I am a diagnosed Obsessive-Compulsive and my husband Shawn has Attention Deficit Disorder. As such, our vacation preparations unfold differently: I read hotel reviews, pore over maps, and note our proximity to major hospitals while he steps onto the airplane without a clue where it will land. I prepare for diarrhea, malaria, guerrilla warfare, and hangnails; Shawn forgets to bring pants.
We are going to Costa Rica for our anniversary, leaving the children with their grandparents. My travel anxiety engages as we drive to the airport. The interstate is a brilliant red pinball machine, and I am the silver sphere trapped in its walls. The underground tram to the terminal is a tunnel that could collapse at any moment and bury me alive. If I lose my footing on the escalator, it will scalp me, and behind the counter at Au Bon Pain lurks a botulism-tainted scone. I scan for terrorists, zeroing in on anyone who looks more nervous than I do, including an elderly man with a cane — the aged and infirm are highly under-scrutinized.
At security, my shoes, belt, coins, and keys go into the tray, but Shawn seems to be clothed in chain mail and steel-toed lace-up boots. TSA relieves him of the large can of spray deodorant he always packs in his carry-on bag — one never knows when he might work himself into a stink, he says — and he stands in the thick of the exiting throngs as he re-threads his belt through his pants, loop by loop. I find myself flummoxed and begin to back away, only to hear his sorrowful voice call, “Honey! Wait a minute! I’m trying to get my belt on! Why aren’t you waiting for me?” The last time this happened our little boys tugged at my hands and said, “Mommy, Daddy looks like he needs some help.”
Surprisingly comfortable in the middle seat, he presses his knees into the back of the chair in front of him, settles in, and lets one fly. He farts on every plane ride, and claims that everybody else does too. Trapped in the window seat, I poke him in the arm. “You can’t fart on the plane when I’m sitting next to you. People are going to think I did it.”
Within minutes, he falls asleep on his hand, exhausted from his over-stimulating romp through the terminal, while I stare out the window, rip at my cuticles as the plane takes off, and listen for a sign that I’m about to die. When the plane successfully reaches cruising altitude I turn my focus to my calves and wait for a thrombosis.
It’s exhausting to be paranoid.
Shawn smiles in his sleep. When we travel, he always smiles, and he carries all of my heavy bags, and the kids too if they are with us. Often he remains oblivious to our itinerary. When I ask if he’s read the travel guide, Shawn asks, “Which hemisphere are we going to again?” Yet he follows me with mirth and makes true friends of cab drivers and beach combers, rainforest guides and bartenders, remembering their names for years. He wakes up in the morning whenever I ask him to, and he socks away extra money to buy me a gift. He maintains the attitude that we’ll be just fine, and he puts his faith in me to make it happen.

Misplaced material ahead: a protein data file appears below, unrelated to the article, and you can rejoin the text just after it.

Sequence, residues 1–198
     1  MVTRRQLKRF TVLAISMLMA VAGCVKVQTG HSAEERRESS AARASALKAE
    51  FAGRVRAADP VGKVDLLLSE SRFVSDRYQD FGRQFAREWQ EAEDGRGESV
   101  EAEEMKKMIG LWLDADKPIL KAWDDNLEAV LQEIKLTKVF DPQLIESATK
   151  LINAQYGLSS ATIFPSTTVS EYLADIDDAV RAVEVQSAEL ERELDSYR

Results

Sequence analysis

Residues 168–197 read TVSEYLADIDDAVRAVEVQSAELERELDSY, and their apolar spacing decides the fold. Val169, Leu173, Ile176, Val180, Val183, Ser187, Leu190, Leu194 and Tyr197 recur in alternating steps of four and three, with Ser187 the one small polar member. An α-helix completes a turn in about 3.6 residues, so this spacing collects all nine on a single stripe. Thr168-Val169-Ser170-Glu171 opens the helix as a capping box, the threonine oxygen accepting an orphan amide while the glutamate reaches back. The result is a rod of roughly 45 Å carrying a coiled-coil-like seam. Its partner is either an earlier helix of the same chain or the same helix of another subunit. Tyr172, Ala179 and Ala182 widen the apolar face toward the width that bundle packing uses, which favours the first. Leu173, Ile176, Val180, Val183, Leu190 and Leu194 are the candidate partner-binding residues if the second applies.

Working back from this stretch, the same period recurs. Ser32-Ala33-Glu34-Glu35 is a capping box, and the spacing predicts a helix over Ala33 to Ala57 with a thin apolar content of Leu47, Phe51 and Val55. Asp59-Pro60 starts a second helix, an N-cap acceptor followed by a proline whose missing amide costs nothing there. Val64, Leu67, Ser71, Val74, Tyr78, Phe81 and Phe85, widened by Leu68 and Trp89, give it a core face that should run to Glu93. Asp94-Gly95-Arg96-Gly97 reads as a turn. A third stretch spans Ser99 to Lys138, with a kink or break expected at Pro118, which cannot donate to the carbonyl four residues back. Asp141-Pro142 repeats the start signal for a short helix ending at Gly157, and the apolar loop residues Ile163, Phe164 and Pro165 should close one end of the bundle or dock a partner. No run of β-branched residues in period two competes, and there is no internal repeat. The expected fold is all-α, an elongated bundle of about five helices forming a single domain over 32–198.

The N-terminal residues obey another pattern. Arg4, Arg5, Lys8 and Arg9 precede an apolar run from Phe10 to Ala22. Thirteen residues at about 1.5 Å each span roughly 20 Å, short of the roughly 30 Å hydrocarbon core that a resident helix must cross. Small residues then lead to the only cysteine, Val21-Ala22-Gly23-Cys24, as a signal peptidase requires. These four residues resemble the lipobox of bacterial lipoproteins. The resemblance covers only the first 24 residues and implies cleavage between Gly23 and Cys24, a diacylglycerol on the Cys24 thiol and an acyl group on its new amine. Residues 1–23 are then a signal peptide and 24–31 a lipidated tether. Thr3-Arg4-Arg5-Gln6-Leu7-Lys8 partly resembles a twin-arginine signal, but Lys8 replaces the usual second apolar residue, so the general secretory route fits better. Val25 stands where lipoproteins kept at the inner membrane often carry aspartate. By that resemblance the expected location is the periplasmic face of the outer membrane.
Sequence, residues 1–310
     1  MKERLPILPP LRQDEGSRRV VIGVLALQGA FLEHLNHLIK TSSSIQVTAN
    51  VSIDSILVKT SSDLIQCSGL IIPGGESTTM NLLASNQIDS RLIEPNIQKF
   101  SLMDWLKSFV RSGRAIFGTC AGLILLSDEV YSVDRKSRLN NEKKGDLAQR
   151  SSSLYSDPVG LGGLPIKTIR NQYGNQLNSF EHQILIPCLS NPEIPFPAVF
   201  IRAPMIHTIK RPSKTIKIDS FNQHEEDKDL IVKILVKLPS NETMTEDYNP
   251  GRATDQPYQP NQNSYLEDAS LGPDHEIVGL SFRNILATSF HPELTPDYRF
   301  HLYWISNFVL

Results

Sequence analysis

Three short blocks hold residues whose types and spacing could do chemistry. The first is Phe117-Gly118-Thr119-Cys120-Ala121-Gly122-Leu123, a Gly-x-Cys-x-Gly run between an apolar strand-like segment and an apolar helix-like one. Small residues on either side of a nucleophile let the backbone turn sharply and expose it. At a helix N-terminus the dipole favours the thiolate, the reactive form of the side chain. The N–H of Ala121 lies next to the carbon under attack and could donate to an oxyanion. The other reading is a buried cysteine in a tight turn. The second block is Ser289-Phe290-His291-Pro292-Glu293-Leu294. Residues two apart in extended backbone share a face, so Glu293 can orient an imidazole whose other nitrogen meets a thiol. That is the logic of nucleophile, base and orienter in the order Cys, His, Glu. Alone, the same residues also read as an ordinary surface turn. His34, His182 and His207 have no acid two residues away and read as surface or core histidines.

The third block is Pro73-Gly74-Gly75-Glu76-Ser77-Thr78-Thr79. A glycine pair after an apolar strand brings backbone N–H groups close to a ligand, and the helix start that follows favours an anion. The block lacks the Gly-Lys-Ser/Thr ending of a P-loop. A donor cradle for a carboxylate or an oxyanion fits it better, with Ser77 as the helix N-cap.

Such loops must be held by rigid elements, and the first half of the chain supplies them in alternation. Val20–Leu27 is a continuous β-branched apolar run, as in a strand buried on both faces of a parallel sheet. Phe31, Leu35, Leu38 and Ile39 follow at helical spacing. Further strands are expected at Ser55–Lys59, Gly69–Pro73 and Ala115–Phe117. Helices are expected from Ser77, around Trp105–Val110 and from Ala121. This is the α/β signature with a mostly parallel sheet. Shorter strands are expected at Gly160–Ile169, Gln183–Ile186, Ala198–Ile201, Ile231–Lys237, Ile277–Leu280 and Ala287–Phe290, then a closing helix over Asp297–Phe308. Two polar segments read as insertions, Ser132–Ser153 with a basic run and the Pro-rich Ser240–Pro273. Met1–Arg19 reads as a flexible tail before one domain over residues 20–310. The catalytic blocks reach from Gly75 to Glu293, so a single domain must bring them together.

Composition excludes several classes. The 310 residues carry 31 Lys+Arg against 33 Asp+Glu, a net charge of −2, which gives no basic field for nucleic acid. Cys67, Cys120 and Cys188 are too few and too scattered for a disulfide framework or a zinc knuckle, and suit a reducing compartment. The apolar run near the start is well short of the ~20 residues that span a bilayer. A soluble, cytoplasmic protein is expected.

The plane rattles. I take half of a Xanax and listen to a chant by the Gyoto monks of Tibet on repeat to quell the image of the pulmonary embolism I know is creeping up my leg — still a death I’d prefer to a plunge from 31,000 feet. After twenty minutes, the drug enters my bloodstream with the force of an engulfing wave. I feel my chances of survival improving. The cabin no longer smells like a discarded sock, and I wonder: Is this what it feels like to be Shawn? To look down on 30,000 feet of atmosphere and believe that it will carry me to my destination? To venture far from home without concern for gate changes or snake bites or flesh wounds?
This pill has turned me into my husband; I’ve shed my obsessive skin. I’m reinvented. I don’t care, and it’s miraculous. I imagine he follows the spark of intrigue down whatever path tempts him, sees the world for what it is, not its rare and gruesome possibilities. People are fascinating when they’re not frightening, and we are going to a country we’ve never seen, where I can dive deeply, eat heartily, and rush the trails. With my brain bound and gagged, I am free to be Shawn, and I realize suddenly the weight of my dysfunction and long to exchange it for his.
But my dysfunction has its uses. When the ADD ambles off in aimless directions, OCD reigns him in. Obsession has brought us to this time and place; it made the reservations and did the packing. My methodical planning and my exhaustive efforts to micro-manage detail mean that the splinter in Shawn’s toe three days from now will be easily removed, and the stomach aches we’ll get from the strange Costa Rican potatoes will melt away with a single antacid. I’ll be thankful for my OCD. In turn, Shawn will tell me to spend an extra few minutes watching tree frogs and howler monkeys. We’ll lose track of time and hold up the tour bus, but I’ll be thankful for his ADD too, because he brings adventure to my rigidity.
He tenses in his seat, as though he’s just had a dark thought. “Crap,” he says, sitting up. “I have no idea where I put my passport.”
“I took it from you two hours ago,” I tell him. “It’s in the bag.”
He puts his hand on my leg. “Thank God. I’m such a disaster. What would happen to me if you weren’t in charge?”
“You’d be standing in the airport parking lot, in your underwear, watching the plane take off without you.”
He smirks. “Yeah. I would.” After a pause, he squeezes my arm and adds, “And you’d be on that plane by yourself, hyper-ventilating about MRSA on the armrest.”
“Yeah,” I say, and nudge him back. “I know.”